Kathie Melocco - Health Activism

Blog dedicated to Social Justice and Health and Wellbeing Activism

June 02, 2013

The Rise Of Patient Health Communities On Twitter

Web 2.0 and health 2.0 are converging to become one of the most powerful shifts in health and human behavior in the last generation.  At its heart is the fact that patients are people, and that people are social.  They want to know their healthcare professional, and want to both seek the opinions of others and share their own opinions.  In this context patients are rightfully taking ownership of their healthcare decisions via actively seeking information and options on the web. 
If you doubt the power of social media to influence health communities then this visualisation may just very well change your mind and cause you to say we need to be more proactive in 2013. It certainly was what inspired me to champion the participatory medicine movement here in Australia and next year we will host the first Blogging Conference known as Healthivate specifically for these growing online communities and bloggers. There are a limited number of industry tickets available if you would like to network with these powerful groups. (Conference Hashtag is #hivate)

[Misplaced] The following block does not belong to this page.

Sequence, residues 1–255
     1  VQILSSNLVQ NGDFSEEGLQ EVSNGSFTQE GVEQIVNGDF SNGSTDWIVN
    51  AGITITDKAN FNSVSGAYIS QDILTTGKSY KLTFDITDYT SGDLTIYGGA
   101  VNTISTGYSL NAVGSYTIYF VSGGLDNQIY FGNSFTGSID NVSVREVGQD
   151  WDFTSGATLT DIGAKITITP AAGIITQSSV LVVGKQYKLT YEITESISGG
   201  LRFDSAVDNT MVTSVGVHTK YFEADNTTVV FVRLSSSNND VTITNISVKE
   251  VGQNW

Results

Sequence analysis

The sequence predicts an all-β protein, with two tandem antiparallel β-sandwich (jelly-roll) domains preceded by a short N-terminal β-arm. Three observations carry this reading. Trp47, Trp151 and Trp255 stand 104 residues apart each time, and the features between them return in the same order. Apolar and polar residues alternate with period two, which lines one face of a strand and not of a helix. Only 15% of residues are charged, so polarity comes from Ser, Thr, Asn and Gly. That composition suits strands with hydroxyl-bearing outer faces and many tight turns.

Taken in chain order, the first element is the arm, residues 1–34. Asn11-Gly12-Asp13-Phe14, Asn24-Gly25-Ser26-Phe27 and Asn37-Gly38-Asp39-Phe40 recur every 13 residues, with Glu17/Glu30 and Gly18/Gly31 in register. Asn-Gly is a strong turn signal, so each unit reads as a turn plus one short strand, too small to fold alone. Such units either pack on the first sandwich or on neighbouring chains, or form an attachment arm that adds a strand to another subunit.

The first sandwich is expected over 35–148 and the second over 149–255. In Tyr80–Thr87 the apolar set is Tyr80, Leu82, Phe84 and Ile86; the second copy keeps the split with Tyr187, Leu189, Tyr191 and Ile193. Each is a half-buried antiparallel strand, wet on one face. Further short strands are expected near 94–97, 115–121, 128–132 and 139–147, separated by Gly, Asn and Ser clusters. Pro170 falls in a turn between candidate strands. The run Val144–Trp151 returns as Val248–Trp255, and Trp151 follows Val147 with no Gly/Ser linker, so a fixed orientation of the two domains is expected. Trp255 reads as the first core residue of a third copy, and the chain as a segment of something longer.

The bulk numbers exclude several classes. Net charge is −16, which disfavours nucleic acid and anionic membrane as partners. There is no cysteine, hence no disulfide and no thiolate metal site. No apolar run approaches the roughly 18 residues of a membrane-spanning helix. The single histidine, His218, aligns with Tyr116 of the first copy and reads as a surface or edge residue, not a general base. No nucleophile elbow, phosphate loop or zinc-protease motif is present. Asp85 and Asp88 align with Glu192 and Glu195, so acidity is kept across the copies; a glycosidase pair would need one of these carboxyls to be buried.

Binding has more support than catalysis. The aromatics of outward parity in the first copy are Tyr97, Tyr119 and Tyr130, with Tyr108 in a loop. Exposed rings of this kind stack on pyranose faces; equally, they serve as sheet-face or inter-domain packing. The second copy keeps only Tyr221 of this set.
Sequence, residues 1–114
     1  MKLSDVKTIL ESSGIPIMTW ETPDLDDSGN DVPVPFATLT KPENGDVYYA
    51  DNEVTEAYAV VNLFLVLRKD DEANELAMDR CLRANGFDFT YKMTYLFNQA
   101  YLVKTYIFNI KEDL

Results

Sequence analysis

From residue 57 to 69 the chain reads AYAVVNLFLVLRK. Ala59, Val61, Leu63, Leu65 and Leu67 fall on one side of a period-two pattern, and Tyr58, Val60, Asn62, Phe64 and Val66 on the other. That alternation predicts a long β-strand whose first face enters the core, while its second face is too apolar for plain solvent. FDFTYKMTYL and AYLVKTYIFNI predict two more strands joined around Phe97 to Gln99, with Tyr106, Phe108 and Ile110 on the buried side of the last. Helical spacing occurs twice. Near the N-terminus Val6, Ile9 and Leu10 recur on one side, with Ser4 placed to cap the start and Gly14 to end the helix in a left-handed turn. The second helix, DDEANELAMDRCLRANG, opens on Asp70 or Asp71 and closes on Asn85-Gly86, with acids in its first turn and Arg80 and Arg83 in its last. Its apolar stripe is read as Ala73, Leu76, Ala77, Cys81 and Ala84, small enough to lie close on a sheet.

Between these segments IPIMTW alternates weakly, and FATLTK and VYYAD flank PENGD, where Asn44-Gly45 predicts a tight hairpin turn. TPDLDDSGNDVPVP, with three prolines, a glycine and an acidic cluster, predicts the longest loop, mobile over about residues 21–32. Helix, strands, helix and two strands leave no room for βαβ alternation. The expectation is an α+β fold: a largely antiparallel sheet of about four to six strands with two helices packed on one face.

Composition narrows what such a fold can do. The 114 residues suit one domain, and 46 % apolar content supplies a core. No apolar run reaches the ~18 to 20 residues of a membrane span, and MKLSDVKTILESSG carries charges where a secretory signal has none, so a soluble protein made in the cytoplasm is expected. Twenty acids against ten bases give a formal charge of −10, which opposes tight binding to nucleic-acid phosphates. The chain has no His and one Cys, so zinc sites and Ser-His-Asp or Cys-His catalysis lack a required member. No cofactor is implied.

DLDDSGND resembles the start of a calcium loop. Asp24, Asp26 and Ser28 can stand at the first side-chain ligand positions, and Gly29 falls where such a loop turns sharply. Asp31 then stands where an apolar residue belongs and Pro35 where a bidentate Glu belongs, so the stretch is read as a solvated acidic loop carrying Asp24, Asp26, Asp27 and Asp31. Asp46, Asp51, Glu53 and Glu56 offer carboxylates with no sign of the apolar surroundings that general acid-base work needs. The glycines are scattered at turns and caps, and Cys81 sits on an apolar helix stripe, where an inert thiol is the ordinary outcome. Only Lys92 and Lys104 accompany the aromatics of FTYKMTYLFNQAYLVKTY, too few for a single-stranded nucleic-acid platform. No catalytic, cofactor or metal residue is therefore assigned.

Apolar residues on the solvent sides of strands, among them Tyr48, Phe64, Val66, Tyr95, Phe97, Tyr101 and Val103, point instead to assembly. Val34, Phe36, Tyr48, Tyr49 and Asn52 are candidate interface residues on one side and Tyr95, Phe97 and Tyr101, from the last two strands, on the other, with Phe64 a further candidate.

But for now let's discuss how health conversations are occurring on Twitter. For over 2 years, Symplur has collected health conversations on Twitter. From a humble start, their infrastructure has grown and matured to scale with the tremendous growth of healthcare social media. They are now approaching 150 million health tweets in our database which they analyze and categorize by thousands of variables. And similarly with other repositories of big data, their greatest challenge is to figure out how to present insights from such a vast dataset in a meaningful way. The answer is often found in visualizations.
What you see in the video below is a 22-month timeline of about 2,000 different health communities and topics each visualized as a bubble. In total, about 100 million healthcare tweets are represented in this visual. The green dots symbolize patient-centric topics, while pink encompasses more professional/provider topics. Larger bubbles signify larger volume of conversations within that community. The data is visualized dynamically over the this 22-month time period starting September 2010.

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